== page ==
Type 2 diabetes mellitus (T2DM) is a disease that affects more than 400 million people worldwide (Nathan, 2015). The medical and economic burdens of diabetes present an important public health challenge for the developed and the developing world (American Diabetes Association, 2013; Le et al., 2013; Seuring et al., 2015; Bao et al., 2017). Further, there is an urgent need for safe and effective interventions for T2DM because most currently used medications for long-term T2DM treatment have side effects, such as hypoglycemia, weight gain, and gastrointestinal reactions (Stein et al., 2013).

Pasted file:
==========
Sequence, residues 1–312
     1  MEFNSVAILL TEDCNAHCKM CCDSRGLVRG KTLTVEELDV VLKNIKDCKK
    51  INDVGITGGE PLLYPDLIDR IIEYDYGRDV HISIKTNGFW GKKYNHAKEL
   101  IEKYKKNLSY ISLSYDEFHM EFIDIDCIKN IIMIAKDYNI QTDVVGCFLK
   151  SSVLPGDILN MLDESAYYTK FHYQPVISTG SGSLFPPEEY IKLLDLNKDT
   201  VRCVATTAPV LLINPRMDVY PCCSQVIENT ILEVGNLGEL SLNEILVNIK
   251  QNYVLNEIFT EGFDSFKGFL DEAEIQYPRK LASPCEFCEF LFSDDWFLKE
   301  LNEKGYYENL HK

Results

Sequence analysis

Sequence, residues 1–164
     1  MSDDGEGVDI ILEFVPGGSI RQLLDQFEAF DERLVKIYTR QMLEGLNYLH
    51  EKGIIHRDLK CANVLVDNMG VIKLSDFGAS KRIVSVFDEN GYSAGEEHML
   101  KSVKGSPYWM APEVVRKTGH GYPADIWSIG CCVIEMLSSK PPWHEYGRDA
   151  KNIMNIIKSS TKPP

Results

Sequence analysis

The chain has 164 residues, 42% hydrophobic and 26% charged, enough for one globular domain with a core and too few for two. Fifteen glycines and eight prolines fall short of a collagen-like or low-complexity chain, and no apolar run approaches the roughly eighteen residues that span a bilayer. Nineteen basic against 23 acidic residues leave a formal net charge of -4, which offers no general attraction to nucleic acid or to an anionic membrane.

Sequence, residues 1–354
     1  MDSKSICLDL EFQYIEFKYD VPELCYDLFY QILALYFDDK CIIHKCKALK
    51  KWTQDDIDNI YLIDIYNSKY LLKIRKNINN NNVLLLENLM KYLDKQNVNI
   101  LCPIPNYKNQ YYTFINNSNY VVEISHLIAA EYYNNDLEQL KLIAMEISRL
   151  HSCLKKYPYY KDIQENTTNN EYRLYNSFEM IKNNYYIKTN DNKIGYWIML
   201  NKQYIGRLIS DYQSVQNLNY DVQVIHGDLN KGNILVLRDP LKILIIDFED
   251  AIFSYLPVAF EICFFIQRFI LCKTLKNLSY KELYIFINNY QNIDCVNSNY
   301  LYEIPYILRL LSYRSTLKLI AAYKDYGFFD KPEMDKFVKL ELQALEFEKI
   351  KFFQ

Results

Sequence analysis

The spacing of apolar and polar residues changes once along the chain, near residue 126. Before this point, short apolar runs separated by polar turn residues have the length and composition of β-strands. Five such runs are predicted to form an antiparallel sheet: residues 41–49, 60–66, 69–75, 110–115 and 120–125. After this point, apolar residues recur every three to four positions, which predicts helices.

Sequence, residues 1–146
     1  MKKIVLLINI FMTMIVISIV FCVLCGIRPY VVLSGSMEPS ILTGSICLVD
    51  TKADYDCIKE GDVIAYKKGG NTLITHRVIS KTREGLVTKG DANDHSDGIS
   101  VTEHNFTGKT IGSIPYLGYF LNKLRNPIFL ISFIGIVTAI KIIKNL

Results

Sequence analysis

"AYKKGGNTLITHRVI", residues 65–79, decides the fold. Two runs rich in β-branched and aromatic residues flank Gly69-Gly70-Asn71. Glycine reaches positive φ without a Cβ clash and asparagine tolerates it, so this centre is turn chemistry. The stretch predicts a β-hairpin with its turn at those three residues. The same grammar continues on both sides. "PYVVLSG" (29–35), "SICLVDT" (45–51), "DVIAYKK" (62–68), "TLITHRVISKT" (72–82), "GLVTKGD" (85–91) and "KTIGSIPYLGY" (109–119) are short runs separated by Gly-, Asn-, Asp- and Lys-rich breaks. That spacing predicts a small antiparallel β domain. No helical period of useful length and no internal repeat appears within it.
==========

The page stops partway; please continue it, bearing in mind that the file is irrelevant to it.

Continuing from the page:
There is a strong association between T2DM and dyslipidemia, as >70% of patients with T2DM develop non-alcoholic fatty liver disease (NAFLD) with the inflammatory complication, non-alcoholic steatohepatitis (NASH) (Williams et al., 2011; Loomba et al., 2012). Several studies have demonstrated that elevated levels of free fatty acids play a causative role in metabolic syndrome (Devaraj et al., 2008; Sun and Chen, 2010; Perry et al., 2015). However, Yore et al. (2014) reported recently that the endogenous fatty acid, 5-PAHSA, had favorable metabolic effects via binding and activating its G-protein-coupled receptor 120 (GPR120). Consistent downregulation of 5-PAHSA was found in all adipose depots and the serum of insulin-resistant mice, as well as in the white adipose tissue and serum of insulin-resistant humans. Acute oral administration of 5-PAHSA in insulin-resistant high-fat diet (HFD)-fed mice lowered basal glycemia and improved glucose tolerance (Yore et al., 2014). Moreover, chronic 5-PAHSA treatment improved insulin sensitivity in chow- and HFD-fed mice (Syed et al., 2018). Besides, 5-PAHSA might also reduce inflammatory cytokine production from immune cells and ameliorate adipose inflammation in obesity.